Meet the Students: Brown

“I could do with less,” says Andrew Brown, current student at the SAA, and this sentiment succinctly captures the minimalist style of the one who prefers to go only by “Brown.” A former member of the California Conservation Corps, Brown, 22, can be identified any given day by the beanie and safety spectacles he wears at all times on his head while he goes simply and methodically about his tasks. I sat down with him on a Friday afternoon in the schoolhouse living room after a morning of scheduled student chores. These included things like weedwhacking the now-golden hillside by the schoolhouse for fire suppression and continuing work on a new chicken coop made from welded rebar. Brown, an avid insectophile, had spent the time refilling his homemade flytraps with attractant.

D: Brown, let’s start simple: Where are you from, and how did you get here?

B: I grew up in San Bernadino, but I don’t like living in a city. I’ve always wanted to go out to the country, be in a more rural environment. When I was 13 I read a book called My Side of the Mountain about a young boy who goes and lives alone in the woods. Ever since then it’s been my goal to move to the country.

D: We’re a good ways from San Bernadino. I know you joined CCC, is that what brought you up here?

B: That’s how I got to Ukiah. I joined the Conservation Corps in December 2015 and spent a year with them. We had the option to join up for another year, but about six months into the Corps I was already sick of it and had started thinking of what can I do that still allows me to be outdoors? That’s how I decided on farming. I joined the WWOOF website and found the Golden Rule Community at Ridgewood Ranch and they had a link to the School of Adaptive Agriculture website.

D: So that’s when you decided to apply to the school?

B: Yeah. I came to visit the school in December 2016 to check it out for the term that started in April 2017 and just ended up staying as an intern for the ranch before the term started.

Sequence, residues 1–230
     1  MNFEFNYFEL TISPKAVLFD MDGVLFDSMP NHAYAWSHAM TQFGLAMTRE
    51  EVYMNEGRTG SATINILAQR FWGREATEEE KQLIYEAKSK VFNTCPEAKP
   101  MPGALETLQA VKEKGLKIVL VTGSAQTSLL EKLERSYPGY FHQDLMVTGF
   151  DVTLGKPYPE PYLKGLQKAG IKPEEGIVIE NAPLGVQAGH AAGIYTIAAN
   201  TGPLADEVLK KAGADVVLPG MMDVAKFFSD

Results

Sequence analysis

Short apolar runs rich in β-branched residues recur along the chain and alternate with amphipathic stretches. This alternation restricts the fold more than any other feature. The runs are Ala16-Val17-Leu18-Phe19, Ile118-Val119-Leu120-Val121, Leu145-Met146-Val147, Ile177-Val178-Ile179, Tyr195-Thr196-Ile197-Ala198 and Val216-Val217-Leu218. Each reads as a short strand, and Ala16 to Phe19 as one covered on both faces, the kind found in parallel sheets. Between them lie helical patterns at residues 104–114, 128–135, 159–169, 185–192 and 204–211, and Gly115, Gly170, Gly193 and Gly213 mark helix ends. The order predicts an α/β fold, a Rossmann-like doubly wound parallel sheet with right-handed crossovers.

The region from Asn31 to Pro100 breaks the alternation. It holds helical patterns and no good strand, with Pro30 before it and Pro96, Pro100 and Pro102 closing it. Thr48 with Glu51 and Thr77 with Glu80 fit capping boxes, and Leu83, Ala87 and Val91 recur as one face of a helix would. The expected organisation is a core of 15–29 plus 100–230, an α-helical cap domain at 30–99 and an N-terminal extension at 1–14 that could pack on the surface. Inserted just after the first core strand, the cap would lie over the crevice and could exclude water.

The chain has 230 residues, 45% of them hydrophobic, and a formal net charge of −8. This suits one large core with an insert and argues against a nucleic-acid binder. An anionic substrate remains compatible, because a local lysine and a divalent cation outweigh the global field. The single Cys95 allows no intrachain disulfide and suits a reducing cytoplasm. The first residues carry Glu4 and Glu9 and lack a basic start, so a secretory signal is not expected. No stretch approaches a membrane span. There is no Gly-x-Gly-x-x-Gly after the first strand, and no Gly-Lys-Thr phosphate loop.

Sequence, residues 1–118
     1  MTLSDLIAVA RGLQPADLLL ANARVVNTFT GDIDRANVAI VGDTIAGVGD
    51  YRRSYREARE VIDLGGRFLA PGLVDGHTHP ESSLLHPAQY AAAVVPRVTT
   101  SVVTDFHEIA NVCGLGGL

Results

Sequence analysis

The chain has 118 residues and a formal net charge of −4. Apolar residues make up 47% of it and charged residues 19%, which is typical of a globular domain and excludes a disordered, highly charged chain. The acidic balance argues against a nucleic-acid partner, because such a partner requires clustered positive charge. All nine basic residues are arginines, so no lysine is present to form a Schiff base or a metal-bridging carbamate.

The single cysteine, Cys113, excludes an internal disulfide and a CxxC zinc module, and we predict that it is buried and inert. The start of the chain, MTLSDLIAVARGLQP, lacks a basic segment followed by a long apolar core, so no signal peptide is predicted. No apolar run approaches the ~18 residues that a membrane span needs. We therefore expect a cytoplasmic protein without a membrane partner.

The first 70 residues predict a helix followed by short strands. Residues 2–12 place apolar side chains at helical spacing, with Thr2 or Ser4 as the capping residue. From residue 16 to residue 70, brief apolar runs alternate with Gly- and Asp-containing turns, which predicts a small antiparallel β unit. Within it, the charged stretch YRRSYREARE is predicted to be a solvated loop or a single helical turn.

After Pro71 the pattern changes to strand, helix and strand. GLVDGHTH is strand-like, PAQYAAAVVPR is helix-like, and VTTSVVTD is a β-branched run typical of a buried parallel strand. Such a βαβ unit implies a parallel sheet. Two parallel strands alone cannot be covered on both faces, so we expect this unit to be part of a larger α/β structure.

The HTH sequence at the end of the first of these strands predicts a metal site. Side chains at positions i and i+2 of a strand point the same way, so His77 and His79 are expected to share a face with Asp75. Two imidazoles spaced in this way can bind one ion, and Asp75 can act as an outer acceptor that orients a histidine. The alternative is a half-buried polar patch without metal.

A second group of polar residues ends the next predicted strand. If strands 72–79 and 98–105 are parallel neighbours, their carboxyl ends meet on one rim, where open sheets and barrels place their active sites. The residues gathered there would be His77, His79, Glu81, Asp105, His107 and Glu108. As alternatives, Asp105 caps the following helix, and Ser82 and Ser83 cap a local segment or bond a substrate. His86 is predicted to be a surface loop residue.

D: And is this your first experience with agriculture?

B: Not exactly. I did a program in high school where we did organic urban agriculture. They taught us about sustainability, conserving electricity usage, water usage, and we did some hands-on bed-prepping and growing. This is the first time in the country, a more rural setting, and on a bigger scale.

D: Are you enjoying it? What about it appeals to you?

B: Yeah, I’m enjoying it. I enjoy the physical labor, being outdoors, the fresh air, and it’s always a little varied. You’re not really doing the same things everyday. And it has the appeal of helping the environment rather than harming it, being a part of the solution rather than being a part of the problem, or just sitting around and complaining about it.

 

D: I know you have a special interest in insects, and in particular in farming them for food. Tell me about that.

B: I’ve always been in love with insects, since I was really young. At one point I wanted to be an entomologist and then I realized that meant being indoors all day staring at insects and that’s not fun. Then I got the idea of farming them. I thought, people eat insects in Vietnam and Thailand so, why can’t I grow them here? Now that’s become a big theme on the front line, part of the next wave of sustainability and I’m like, “awesome, I now have a path.” I would like to grow insects. I want a longterm place where I know I’ll be awhile and just have colony after colony after colony.

D: Have you started learning much about what’s involved in farming insects?

B: Yeah, it’s delicate. You’re taking care of this fragile life and seeing it all the way through. You really have to be careful with insects, they can’t take much toxins. If you feed it a chemical, it’ll kill it quickly. Plus there’s the whole thing of having to get over the Western fear of eating insects.

D: Right, that’s a good point. You can always just cover the insects with chocolate, right?

B: Ha, maybe, but where do you get the chocolate? You can’t really get that local, so that brings its own set of complications.

D: Last question Brown. What are your plans for your farming future, after the term with the SAA ends?

B: I’m hoping to stay here for a while, keep working at the Ranch. After that I don’t know. I have an aunt in Oregon who’s always sending me information about farms near her.  I want to pursue the insects. I want chickens in the future, at least laying hens and maybe some meatbirds. I’m still on the fence about anything larger than that like goats or sheep. I don’t think I want to raise cows. Mostly just stay outdoors, keep on farming. And keep things simple. I could do with less.